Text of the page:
WIC Week Profile: Estimator Sharaya Hays

By: Lewis Team

As a high schooler on summer break in her hometown of Anchorage, Alaska, it wasn’t unusual to find Sharaya Hays laying on the grass in her backyard, sketching houses and floor plans on graph paper. She was sure she’d be an architect.

Her passion for design could be traced to her dad, Cam, who owned a solo residential contracting business. In the summertime, she’d tag along to see the homes he was renovating. Eventually she started helping out, installing Trex decking, building masonry retaining walls and painting interior walls.

It was only after majoring in architecture at Washington State University that she had a change of heart.

Sharaya Hays would spend summer breaks on her dad’s jobsites. Here, they pose on a small excavator in 2004.
Sharaya Hays would spend summer breaks on her dad’s jobsites. Here, they pose on a small excavator in 2004.

“I vowed before graduating I’d never be an architect,” Sharaya says, even though she did still graduate with the degree.

Instead, she went to work as a field engineer for a large national general contractor in Portland. The company asked her to commit to one of two career tracts within six months of joining: project manager or superintendent. She opted for the latter.

In addition to her field-engineering duties, she attended carpenters union classes and logged hours as a carpenter’s apprentice. Five years later, after journeying out with the same general contractor, she felt she was being pressured back into an office role. What made her such a valuable contributor—her comfort level with technology—became the reason she was being pulled out of the field.

“They weren’t listening to what my goals were,” Sharaya recalls. “They were doing what made more financial success for them, which in this case, was me switching to the project manager path.”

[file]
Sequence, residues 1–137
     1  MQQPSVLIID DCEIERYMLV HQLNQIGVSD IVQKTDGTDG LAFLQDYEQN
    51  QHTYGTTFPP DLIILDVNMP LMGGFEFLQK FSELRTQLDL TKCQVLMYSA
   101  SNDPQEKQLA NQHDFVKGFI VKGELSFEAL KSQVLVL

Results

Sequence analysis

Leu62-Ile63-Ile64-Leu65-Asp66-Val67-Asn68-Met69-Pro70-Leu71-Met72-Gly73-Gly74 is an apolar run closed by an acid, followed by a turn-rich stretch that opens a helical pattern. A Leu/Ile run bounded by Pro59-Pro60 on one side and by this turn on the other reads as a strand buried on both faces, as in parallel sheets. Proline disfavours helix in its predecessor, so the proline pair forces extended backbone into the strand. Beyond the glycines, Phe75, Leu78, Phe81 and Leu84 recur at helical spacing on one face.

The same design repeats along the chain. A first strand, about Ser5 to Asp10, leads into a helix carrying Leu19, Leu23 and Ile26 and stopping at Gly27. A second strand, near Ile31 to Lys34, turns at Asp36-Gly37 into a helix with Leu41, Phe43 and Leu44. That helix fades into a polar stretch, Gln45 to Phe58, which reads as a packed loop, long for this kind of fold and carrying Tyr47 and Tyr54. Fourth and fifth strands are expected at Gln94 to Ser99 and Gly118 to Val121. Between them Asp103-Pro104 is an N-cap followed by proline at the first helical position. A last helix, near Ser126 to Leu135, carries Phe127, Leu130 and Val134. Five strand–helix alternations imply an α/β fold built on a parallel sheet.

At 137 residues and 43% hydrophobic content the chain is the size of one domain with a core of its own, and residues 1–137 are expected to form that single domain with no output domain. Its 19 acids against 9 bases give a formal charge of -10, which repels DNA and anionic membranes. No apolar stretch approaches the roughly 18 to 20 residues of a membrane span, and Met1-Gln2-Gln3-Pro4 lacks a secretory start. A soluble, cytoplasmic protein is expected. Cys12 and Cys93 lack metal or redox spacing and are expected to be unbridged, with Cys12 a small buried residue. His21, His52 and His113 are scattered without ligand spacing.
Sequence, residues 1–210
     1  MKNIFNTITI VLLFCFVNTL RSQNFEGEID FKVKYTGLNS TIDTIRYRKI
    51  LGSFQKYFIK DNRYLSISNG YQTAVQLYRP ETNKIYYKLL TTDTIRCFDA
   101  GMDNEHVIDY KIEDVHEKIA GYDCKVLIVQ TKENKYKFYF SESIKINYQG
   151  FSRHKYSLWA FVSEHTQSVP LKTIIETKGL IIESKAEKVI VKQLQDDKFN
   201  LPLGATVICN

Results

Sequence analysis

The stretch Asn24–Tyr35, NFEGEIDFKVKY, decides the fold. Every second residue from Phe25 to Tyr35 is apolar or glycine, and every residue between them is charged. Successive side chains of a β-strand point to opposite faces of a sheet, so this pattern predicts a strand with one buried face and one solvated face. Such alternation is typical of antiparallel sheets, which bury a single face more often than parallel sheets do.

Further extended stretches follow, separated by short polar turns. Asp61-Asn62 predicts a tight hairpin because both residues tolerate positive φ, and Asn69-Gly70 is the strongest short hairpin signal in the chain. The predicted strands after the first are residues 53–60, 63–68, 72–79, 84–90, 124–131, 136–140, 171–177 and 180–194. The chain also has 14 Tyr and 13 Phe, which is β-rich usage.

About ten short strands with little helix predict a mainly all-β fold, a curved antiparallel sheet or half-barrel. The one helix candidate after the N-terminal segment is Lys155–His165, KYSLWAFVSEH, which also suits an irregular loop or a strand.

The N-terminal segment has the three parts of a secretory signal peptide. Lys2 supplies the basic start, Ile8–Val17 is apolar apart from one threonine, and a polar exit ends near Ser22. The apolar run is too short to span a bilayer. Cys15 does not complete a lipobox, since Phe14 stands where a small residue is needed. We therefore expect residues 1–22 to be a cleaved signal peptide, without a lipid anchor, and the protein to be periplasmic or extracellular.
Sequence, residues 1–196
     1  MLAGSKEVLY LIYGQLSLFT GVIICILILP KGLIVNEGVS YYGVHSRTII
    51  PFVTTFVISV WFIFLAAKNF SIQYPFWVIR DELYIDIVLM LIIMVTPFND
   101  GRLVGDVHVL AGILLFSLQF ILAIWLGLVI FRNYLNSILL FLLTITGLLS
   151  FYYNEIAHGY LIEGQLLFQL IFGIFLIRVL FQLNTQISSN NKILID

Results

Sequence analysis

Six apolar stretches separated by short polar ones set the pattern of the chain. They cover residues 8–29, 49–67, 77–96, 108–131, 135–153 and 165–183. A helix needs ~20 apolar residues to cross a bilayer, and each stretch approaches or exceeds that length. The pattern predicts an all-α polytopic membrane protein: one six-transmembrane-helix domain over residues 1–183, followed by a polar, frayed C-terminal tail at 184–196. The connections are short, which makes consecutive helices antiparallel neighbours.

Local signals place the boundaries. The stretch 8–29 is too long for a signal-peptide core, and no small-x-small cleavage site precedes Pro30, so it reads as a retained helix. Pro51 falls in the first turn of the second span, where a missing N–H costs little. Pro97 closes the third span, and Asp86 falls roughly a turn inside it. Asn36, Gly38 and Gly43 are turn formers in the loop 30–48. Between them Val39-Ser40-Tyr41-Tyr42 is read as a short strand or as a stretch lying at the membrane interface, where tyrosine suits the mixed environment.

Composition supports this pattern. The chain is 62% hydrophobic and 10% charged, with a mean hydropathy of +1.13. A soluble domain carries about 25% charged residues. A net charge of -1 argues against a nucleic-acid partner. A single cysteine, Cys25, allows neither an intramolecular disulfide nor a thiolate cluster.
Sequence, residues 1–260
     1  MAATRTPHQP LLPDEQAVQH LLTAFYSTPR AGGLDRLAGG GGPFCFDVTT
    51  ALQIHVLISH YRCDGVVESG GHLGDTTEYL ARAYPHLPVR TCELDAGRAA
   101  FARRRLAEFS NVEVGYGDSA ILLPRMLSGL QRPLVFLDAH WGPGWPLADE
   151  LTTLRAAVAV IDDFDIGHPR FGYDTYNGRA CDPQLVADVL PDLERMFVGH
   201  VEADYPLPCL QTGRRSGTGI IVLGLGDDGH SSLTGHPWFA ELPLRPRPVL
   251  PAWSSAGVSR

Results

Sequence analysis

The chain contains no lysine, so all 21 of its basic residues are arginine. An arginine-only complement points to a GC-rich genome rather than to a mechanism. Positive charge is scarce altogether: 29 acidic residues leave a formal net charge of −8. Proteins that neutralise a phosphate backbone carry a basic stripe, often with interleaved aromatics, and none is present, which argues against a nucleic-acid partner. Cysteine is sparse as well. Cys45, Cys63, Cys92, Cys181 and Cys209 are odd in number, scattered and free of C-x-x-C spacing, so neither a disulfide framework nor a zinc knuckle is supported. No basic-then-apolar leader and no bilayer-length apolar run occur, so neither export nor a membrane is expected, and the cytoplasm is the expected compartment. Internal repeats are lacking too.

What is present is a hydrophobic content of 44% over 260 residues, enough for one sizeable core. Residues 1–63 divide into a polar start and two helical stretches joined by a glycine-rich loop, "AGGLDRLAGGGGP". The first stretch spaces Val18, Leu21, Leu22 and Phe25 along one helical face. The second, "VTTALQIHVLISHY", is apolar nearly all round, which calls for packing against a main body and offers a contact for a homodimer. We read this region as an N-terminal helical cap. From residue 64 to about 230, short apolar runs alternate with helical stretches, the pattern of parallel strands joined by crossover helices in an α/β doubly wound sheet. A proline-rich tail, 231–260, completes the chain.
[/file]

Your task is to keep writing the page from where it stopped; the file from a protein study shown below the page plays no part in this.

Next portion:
She decided to part ways with the company and took an 18-month break after her second child was born. She joined Lewis in the summer of 2018 as a project engineer with the company’ preconstruction department, deciding it would be beneficial to learn how projects are shaped on the front end.

One day, while interviewing a job candidate with Lewis director of operations Robert Jepsen, Sharaya mentioned that she’d always seen Lewis as her ‘unicorn’ company and that she wanted to be back in a field role someday. That caught Robert’s attention.

“After that meeting, Robert pulled me aside and said, ‘You’re the [real] unicorn!’” Sharaya remembers.

Robert helped Sharaya transition into her second role at Lewis: as a foreman working in Lewis’ corporate market sector (formerly the special projects team).

Finding her voice

Sharaya credits her colleagues for helping her navigate some of the more challenging stages of her construction career.

That led to her managing several corporate market projects before taking on her largest assignment yet in 2021: a multifamily residential project already in progress. Lewis had inherited the job from another contractor. It encompassed four three-story buildings, one leasing office and 80 workers from non-union subcontractors.